Antibiotic resistance mechanisms

Enzymatic drug interactions

Enzyme modify active nucleus of the drug (cleavage of molecules or addition of a chemical group ( eg., B-lactams, aminoglycosides, chloramphenicols)

Drug inactivation enzymes are usually related with mobile genetic elements β-lactamase and aminoglycoside enzymes are most prevalent.

Β-lactamases hydrolyze the beta lactam ring, which are no longer able to bind active serine site of peptidoglycan layer (4 class A-D)

Aminoglycosidase modifying enzymes catalyze transfer of acetyl group that drug poorly binds to ribosome.

Chloramphenicol is inactivated by chloramphenicol acetyltransferase

Target modification

(penicillin, glycopeptides, MLS, quinolones)

  1. Mutation in penicillin binding proteins on bacterial cell membrane
  2. Replace alanine with lactate in peptidoglycan by changing peptide component from d-alanine-d-alanine to d-alanine-d-lactate (Resistance to vancomycin)
  3. Change peptide component from d-alanine-d-alanine to d-alanine-d-lactate
  4. Mutation in catalase-peroxide (tuberculosis)
  5. Mutation in DNA gyrase (Quinolone resistance – chromosomal mutation)
  6. Mutation in RNA polymerase, Chromosomal mutation in gene for B subunit of bacterial RNA polymerase (Resistance to rifampin)

This mechanism particularly important for penicillins, glycopeptides and MLS in gram-positive bacteria.

MRSA (methicillin resistant Staph aureus (+); mecA synthesis new PBP (penicillin binding proteins)

Glycopeptides resistant Enterococcus (Vancomycin resistant Enterococcus) is in this class (vanA and vanB peptidoglycan ending changes).

Efflux pumps

(tetracycline, chloramphenicols, nalidixic acid, novobiocin)

  • The most relevant bacterial efflux system families involved in antibiotic resistance are: ABC, MFS, MATE, RND and SMR (Li et al., 2015).

Group in sequence similarity:

  1. Major facilitator (MF) family (EmrAB and MdfA)
  2. RND family (AcrAB, AcrD, AcrEF, MdtABC and MdsAB)
  3. Multidrug and toxic compound extrusion (MATE) family (MdtK)
  4. ATP-binding cassette (ABC) family

Group in specificity:

  • Specific drug resistance efflux pump (tetracycline in gram neg and MLS or phenicols)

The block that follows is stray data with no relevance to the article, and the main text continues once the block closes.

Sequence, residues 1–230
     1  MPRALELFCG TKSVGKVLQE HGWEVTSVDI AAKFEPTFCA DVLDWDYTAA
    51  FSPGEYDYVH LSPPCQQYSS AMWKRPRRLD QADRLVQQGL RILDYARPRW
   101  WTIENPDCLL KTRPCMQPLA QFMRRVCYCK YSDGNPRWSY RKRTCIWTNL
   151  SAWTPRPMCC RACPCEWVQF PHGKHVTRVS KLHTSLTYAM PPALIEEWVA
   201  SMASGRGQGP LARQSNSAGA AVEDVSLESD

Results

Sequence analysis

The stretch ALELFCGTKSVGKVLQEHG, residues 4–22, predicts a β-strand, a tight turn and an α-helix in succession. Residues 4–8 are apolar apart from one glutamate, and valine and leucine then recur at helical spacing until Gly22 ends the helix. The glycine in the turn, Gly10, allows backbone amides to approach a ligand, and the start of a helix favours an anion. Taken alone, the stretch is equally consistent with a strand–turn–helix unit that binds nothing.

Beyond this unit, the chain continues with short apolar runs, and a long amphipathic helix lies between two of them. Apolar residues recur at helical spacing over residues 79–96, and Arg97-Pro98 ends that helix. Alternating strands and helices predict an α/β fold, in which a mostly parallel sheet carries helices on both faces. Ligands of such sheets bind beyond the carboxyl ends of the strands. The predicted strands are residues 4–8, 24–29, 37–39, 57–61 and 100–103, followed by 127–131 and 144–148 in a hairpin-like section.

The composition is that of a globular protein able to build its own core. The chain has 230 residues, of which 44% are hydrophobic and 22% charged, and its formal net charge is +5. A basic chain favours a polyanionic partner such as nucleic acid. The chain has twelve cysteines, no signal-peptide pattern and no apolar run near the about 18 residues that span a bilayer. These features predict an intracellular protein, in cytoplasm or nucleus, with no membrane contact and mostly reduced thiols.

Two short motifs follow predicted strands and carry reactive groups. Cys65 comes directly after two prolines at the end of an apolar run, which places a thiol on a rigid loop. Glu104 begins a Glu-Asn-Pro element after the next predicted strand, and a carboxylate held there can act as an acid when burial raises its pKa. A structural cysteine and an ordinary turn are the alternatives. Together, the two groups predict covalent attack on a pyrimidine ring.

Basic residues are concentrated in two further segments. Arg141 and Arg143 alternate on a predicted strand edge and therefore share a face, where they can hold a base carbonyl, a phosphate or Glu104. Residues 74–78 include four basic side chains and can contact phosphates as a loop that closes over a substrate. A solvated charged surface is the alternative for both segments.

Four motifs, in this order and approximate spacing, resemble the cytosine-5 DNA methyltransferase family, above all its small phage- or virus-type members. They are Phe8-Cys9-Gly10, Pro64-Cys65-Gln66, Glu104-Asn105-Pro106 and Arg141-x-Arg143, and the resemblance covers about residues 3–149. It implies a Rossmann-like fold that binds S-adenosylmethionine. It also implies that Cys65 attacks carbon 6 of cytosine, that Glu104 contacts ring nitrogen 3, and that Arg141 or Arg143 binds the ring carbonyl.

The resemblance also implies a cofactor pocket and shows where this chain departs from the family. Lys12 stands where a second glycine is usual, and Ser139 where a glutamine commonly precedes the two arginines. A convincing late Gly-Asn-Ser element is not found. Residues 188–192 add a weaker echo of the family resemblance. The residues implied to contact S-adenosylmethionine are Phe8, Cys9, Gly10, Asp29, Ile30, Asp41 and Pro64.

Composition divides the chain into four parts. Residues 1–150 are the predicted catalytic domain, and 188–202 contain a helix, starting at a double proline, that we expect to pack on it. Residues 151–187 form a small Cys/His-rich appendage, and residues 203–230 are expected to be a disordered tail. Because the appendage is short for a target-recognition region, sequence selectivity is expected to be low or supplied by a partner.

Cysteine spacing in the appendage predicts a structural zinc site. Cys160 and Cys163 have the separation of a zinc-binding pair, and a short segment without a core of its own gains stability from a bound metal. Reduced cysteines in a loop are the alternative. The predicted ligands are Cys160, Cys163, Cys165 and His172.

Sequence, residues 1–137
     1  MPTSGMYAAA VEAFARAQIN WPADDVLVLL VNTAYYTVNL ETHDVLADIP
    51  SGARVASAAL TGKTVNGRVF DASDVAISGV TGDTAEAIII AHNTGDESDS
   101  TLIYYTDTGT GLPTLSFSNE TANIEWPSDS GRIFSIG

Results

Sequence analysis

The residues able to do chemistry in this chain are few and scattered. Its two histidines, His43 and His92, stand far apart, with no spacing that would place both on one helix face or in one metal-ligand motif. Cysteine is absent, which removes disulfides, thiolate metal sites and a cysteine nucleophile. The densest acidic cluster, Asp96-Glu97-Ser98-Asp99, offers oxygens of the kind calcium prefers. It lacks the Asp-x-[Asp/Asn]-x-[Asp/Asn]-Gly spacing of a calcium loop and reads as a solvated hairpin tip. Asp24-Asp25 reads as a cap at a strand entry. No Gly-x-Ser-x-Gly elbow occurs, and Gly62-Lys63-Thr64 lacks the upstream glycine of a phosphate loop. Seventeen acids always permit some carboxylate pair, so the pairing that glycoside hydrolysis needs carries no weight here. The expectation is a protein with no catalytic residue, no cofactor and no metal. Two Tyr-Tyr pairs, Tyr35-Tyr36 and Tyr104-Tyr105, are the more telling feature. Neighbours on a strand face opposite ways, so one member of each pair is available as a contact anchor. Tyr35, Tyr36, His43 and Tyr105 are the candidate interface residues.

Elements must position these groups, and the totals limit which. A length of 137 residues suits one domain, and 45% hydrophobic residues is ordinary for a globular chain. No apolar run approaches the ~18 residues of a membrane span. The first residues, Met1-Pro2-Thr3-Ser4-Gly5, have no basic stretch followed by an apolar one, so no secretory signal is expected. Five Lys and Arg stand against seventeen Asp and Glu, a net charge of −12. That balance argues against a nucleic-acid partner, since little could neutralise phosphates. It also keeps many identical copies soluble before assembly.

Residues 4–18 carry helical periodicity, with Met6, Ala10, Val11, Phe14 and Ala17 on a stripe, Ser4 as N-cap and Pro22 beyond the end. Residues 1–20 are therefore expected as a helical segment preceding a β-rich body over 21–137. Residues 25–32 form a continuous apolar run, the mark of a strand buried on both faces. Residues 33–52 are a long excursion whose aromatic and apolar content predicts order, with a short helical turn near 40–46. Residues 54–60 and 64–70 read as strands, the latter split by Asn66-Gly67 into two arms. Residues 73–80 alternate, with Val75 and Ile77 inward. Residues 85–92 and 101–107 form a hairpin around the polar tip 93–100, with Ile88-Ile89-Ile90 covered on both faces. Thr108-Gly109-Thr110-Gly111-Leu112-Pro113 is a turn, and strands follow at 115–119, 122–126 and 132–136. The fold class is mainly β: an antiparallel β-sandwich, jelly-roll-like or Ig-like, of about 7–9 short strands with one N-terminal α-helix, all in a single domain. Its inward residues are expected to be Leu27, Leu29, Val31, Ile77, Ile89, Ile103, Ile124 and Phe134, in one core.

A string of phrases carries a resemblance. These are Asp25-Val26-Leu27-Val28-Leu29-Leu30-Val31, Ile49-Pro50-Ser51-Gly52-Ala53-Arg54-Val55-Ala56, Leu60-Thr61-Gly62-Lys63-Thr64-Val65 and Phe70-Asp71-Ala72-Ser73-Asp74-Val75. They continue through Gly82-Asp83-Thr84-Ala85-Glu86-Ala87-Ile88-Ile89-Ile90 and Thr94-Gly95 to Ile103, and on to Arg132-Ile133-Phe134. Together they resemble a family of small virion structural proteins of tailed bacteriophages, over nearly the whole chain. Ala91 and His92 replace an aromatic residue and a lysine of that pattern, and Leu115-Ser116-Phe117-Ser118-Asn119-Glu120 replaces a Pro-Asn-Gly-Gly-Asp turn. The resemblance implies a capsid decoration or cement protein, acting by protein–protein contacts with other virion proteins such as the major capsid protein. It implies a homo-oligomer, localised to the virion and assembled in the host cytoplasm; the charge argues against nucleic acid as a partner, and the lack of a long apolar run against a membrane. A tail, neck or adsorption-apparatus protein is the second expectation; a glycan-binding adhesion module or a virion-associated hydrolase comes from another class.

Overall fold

• Multi drug resistance efflux pump

OR Group in energy source:

  • ATP binding cassette (ABC) transporters; utilize ATP for energy source; MLS
  • Secondary drug transporters; utilize proton and sodium ions MDR resistance.

OR Group in size:

  • MFS (Major facilitator super-family)
  • SMR( Small multi-drug resistance)
  • RND (resistance nodulation cell division)



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Reduction of permeability

(ompC, ompF mutations)

Mutations leading loss, reduced size, decrease expression of porins can cause reduce drug uptake. OmpF and OmpC are most common genes can mutate and alter porins. The combined presence of blaCMY-2 and a lack of OmpF and OmpC have been previously associated with imipenem resistance in Ecoli (carbapenem).

Β-lactams and fluoroquinolones in gram negative bacteria is most common.

  • Compared with gram-positive species, gram-negative bacteria are intrinsically less permeable to many antibiotics as their outer membrane forms a permeability barrier
  • One mechanism that results in reduced drug permeability in bacteria is the cell wall’s lipo polysaccharide (LPS), which consists of lipid A, a core consisting of polysaccharide and O-antigen . Bacteria that harbor LPS moieties show resistance to erythromycin, roxithromycin, clarithromycin and azithromycin in gram-negative bacteria such as strains of Pseudomonas aeruginosa and Salmonella enterica, all of which are serious pathogens, especially in immune-compromised patients.

Mutation in porin proteins commonly cause penicillin and aminoglycoside resistance.

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Target protection

Mostly seen in  tetracycline (TetM and TetO), fluoroquinolones (Qnr) and fusidic acid (FusB and FusC).

Alternative pathways 

Chromosome mutation increase number of PABA receptors (folic acid synthesis) for Sulfonamides.